Readers of the Okta blog and our social channels will know that last week was a big one for the European Okta team as we hosted our inaugural European Cloud Summit. Over 120 delegates packed into the Churchill War Rooms in London to hear panel discussions with some of the formative thinkers and decision makers in IT. (You can see the full lineup and details in this previous blog post.)
Although I couldn’t begin to capture everything that was discussed at the event, I wanted to share a few points of discussion that really jumped out and finally a call to arms – four predictions for where the market is headed and how we all need to react.
IT Is Changing
Over the last 10 years there have been fundamental shifts in how the CIO approaches and manages IT strategy. In the early 2000s we saw the move to mass consolidation, going with a single vendor/supplier with cost saving and efficiency being the primary drivers, often at the expense of performance or usability. Then, more recently, we’ve seen the swing back to CIOs adopting multiple applications and services from a variety of vendors – often SaaS and cloud-based, combining the best solutions with added efficiency and cost savings.
A huge driver for this trend is the evolution of user-centric IT, putting the user at the heart of IT decision making – a cornerstone of our summit. Although we strongly believe in UCIT, others in IT are behind the curve. David Quantrell at Box summarises this division as, “Those who get it, and those who don’t.” And the reality is that many in the latter camp will be left behind.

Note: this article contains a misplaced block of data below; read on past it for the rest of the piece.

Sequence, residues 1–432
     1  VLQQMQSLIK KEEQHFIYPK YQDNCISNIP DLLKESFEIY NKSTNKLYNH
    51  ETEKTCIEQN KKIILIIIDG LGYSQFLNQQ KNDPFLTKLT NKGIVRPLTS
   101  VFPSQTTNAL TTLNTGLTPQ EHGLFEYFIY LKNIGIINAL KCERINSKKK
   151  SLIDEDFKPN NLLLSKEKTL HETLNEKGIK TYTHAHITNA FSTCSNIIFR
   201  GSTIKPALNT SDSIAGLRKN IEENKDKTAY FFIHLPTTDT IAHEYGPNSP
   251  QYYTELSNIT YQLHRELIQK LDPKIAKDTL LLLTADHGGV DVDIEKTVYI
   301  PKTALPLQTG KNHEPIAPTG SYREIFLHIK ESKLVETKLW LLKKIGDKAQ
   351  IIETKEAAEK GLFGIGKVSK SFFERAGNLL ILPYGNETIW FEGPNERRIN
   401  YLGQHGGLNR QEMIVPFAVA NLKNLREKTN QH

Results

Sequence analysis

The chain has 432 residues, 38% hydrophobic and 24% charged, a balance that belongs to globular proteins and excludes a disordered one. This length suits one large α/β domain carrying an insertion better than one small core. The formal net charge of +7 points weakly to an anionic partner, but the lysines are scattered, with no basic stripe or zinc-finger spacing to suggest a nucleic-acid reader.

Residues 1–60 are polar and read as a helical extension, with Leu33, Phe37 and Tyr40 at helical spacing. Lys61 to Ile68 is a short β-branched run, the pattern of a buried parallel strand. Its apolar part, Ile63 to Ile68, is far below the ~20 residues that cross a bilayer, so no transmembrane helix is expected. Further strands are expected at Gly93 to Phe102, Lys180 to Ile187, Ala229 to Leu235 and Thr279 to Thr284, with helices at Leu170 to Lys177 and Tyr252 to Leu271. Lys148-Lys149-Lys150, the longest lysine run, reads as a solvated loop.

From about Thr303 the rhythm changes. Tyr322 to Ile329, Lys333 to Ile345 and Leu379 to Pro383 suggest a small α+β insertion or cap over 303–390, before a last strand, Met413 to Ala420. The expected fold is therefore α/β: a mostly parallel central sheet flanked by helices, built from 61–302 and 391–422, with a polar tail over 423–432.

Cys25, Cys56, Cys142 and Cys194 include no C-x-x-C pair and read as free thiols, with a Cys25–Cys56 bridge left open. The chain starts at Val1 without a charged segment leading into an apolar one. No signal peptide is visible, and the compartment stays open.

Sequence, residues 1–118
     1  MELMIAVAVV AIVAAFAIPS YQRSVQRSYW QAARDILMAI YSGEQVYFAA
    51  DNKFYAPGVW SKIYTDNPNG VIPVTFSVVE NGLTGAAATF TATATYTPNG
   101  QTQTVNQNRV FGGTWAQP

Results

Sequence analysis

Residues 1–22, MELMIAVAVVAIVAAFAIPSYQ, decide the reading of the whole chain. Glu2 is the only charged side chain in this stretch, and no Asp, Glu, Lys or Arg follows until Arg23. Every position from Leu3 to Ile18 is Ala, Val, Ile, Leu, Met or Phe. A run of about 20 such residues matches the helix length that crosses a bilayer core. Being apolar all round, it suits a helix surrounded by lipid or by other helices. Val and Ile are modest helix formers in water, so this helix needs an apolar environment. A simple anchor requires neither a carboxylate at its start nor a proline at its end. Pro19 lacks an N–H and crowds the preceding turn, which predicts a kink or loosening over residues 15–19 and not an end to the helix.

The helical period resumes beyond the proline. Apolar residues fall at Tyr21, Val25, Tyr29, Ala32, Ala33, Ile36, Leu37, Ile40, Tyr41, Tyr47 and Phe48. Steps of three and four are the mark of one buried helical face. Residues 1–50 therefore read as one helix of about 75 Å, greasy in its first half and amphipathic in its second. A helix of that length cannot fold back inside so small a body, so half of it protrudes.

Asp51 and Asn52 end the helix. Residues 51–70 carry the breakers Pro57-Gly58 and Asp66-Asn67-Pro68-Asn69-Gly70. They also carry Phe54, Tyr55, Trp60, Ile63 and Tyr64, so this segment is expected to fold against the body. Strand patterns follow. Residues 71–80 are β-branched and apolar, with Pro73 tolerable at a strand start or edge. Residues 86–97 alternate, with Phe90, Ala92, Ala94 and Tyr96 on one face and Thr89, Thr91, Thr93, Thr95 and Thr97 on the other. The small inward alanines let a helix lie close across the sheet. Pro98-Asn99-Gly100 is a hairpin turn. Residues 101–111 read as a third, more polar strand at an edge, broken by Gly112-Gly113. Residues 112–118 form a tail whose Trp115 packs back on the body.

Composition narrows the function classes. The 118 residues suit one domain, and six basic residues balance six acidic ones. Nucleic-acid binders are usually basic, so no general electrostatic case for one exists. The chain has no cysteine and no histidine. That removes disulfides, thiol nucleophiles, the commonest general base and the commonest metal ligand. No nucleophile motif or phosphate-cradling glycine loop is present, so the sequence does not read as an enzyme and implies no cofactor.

Those that “get it” will elevate the IT function to the front of the organisation, becoming an enabler of the business and not an inhibitor. Chris Cesio from Skyhigh Networks summed this up wonderfully when he said, “We don’t want to be the ‘CIO of no’ anymore.”
The FUD Factor
Of course the move to cloud and the shift into a genuinely user-centric business is not without FUD (fear, uncertainty and doubt). Peterborough City Council’s Richard Godfrey is embarking on one of the most ambitious and forward-thinking IT projects within local government, but when addressing the ECS delegates, he emphasised how ensuring executive buy-in and employee adoption are essential to the project’s success. He also added that in the public sector despite the many benefits – particularly when it comes to cost – of cloud, Peterborough is one of just a handful that is making genuine strides forward because of this FUD.
The truth is, in the UK, no cloud event would be complete without plenty of discussion around security and the threats – real and perceived – that it poses. Working in one of the most security-conscious industries in the world, Michael Ibbitson, CIO of Gatwick Airport is no stranger to confronting these issues head-on. He takes a pragmatic view; businesses need to decide what data should reside on-premise and what can be hosted in the cloud. In some instances, it’s a case of assessing where budgetary investment can make the greatest impact on the organisation. For example, Mike cancelled the development of a multi-million pound onsite data centre in favour of investing the money into a revolutionary new check-in and baggage drop system. He also emphasised that CIOs need to trust suppliers and vendors. “The fact is that the market is stronger at solving security problems than we are,” he said.